By Cam Huffman
Mountain State University basketball coach and athletic director Bob Bolen may be losing his job and his entire athletic program, but he’s been as busy as ever the last few weeks, since learning of the disappointing fate.
Bolen has spent the last two weeks working feverishly to make sure his basketball players have somewhere to play — and a place to get an education — this year, and he said Wednesday that the task is finally complete.
“It’s a huge relief,” said Bolen, who led MSU to an NAIA national championship and 14 straight NAIA National Tournaments from 1999 to 2012. “To get it all done in 10 days, or whatever it was, was very time consuming. But I think we found great situations for all of our players, and we owed that to them.”
—n David Nyarsuk — The 7-foot-1 center will be headed to the University of Cincinnati to play Division I basketball in the Big East. Nyarsuk averaged 9.8 points and 8.1 rebounds per game last season.
— Isaiah Hill — The 6-foot-8 forward will join the Division II Fairmont State University program next season. The Aylett, Va., product averaged 13.6 points and 9.9 rebounds as a junior last season.
— Quinton Thomas — As a freshman forward last year, the 6-foot-6 Greenville, S.C., native averaged 7.7 points and 6.3 boards per game. He’ll join the Francis Marion University program in Florence, S.C., competing in Division II’s Peach Belt Conference.
— Mantas Drungys — The 6-foot-4 Lithuanian averaged 6.1 points and 1.6 assists per game last year as a sophomore guard. He’ll be joining the Georgetown College program in Georgetown, Ky. The Tigers lost to Mountain State in the NAIA Division I quarterfinals last season.
— Victor Ogunnuyi — A 6-foot-3 guard, the London, England native will have one year of eligibility left, and he’ll also be playing at Georgetown College. Ogunnuyi averaged 1.3 points and 0.3 assists per game in 12 contests last year.
— Bruce Komakech — A native of Vancouver, the 6-foot-8 forward averaged 2.9 points and 2.8 rebounds per game as a sophomore last season. He’ll be headed to the University of Rio Grande in Rio Grande, Ohio. The RedStorm compete on the NAIA level in the Mid-South Conference.
— Dino Muslic — As a junior forward last year, the 6-foot-9 Bosnia native averaged 1.8 points and 2.8 rebounds. He’ll attend Campbellsville University in Campbellsville, Ky. The Tigers also compete in the NAIA’s Mid-South Conference.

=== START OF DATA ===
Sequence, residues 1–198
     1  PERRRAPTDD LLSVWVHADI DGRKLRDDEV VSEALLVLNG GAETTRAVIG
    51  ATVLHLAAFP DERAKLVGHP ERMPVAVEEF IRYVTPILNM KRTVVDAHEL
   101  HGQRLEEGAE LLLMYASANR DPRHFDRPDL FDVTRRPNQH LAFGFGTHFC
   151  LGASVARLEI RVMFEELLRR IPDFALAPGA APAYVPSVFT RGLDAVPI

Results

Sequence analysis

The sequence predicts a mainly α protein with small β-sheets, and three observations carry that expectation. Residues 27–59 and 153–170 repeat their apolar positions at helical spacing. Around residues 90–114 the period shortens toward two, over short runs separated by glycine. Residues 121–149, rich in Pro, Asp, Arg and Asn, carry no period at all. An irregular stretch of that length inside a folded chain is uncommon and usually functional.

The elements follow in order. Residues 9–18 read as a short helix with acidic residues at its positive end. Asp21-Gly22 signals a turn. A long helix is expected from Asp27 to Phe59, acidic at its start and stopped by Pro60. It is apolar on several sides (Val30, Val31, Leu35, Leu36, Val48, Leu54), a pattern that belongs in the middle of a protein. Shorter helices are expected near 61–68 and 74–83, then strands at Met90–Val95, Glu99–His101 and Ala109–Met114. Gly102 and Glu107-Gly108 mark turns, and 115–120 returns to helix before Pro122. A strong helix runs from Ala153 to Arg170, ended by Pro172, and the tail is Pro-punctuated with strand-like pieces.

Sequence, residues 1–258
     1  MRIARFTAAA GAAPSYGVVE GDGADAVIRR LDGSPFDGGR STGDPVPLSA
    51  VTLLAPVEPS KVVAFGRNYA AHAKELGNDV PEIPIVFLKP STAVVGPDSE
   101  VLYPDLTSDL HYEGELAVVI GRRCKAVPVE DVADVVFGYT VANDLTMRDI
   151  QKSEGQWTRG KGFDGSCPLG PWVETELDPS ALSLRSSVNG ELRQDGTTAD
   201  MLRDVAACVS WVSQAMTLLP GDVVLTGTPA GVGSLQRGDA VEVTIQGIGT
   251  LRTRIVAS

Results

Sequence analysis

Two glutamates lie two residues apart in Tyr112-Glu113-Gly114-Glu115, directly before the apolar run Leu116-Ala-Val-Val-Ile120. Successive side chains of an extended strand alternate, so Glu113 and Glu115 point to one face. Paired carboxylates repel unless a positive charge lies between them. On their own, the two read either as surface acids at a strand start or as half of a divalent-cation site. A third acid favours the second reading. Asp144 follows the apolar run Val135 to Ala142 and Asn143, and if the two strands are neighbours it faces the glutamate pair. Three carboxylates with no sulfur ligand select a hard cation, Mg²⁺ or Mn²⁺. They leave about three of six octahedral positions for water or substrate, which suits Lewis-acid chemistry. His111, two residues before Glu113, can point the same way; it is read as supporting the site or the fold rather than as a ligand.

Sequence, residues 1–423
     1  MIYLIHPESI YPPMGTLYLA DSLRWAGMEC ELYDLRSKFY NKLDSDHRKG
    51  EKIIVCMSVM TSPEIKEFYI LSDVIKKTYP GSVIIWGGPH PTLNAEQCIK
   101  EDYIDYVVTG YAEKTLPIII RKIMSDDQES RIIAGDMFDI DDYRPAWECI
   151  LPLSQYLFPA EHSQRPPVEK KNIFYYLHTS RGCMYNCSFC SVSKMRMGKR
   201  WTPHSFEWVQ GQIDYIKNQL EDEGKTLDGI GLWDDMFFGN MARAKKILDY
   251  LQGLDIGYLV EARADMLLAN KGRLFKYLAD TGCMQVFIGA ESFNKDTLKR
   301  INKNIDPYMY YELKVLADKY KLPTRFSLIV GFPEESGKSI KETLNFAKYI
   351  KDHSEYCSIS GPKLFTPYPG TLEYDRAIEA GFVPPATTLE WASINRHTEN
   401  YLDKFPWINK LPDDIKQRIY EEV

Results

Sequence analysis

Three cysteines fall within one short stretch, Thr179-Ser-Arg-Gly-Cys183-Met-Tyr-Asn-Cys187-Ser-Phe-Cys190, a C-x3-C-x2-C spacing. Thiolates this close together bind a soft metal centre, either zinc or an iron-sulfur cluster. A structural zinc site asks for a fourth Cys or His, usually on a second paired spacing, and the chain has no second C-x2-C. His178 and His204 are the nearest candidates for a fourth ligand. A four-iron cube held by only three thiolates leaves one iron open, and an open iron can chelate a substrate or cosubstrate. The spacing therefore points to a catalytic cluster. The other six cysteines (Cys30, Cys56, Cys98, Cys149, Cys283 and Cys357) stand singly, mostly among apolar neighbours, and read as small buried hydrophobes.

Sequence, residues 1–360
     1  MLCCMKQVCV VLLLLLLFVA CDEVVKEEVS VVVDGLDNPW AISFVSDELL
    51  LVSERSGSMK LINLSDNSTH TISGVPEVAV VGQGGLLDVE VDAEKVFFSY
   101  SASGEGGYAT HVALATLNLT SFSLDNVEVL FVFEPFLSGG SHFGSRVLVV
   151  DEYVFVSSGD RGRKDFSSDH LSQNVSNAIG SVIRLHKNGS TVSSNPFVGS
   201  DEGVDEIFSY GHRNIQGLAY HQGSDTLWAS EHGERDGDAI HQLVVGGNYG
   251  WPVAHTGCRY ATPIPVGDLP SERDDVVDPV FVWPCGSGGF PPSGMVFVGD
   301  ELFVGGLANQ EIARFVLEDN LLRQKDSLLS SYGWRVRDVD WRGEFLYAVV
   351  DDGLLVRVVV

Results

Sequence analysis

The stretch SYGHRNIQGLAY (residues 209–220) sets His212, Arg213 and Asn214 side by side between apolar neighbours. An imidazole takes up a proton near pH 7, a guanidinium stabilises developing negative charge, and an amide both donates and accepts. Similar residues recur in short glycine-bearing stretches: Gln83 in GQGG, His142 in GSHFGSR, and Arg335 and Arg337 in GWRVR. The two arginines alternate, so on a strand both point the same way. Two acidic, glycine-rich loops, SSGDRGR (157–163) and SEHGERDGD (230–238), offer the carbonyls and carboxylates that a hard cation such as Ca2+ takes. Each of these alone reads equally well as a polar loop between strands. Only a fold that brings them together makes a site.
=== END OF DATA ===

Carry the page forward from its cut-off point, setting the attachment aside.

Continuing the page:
— Sean Scott — A talented guard out of the Chicago area, who was already enrolled in summer school at MSU, will also join the Campbellsville University program.
— Latterance Carter — Also on campus for summer school, Carter will enroll at Life University in Marietta, Ga.
— Duce Briscoe and Montavious Marc — Both of these recruits have scholarship offers on the table and are deciding which school to attend.
—n Noah Cottrill— The former West Virginia high school star and WVU recruit never actually signed with the Cougars, but he did give MSU a verbal commitment. Bolen said Cottrill has a number of Division II and NAIA offers from which to choose and is still in the process of making a decision
— Tony Baldocchi — A talented shooter out of California, Baldocchi had not officially enrolled at MSU, but Bolen is still working to find him a place to play.
Bolen said he was thrilled that he was able to find all of his players full scholarships, although he admitted it was difficult to give players away that he had worked so hard to get on campus.
“I’m still in the phase of being disappointed,” he said. “I thought we had the best team in the country.”
Working to help his players has kept Bolen busy since learning he would no longer have a job at MSU, but he said now it will be time to take a look at the possibilities for his future.
One option could be staying right where he is.
University of Charleston announced last week that it was going to be taking control of the former Mountain State University, creating the University of Charleston-Beckley.
Bolen said he’d had some “early discussions” with Bren Stevens, the athletic director at the University of Charleston, about the possibility of fielding athletic teams at the new school in Raleigh County.
Although that’s still a long way from becoming a reality, Bolen said it could end up being an option.
“I’m excited about the possibilities,” he said. “Things look a lot better than they did a couple weeks ago.”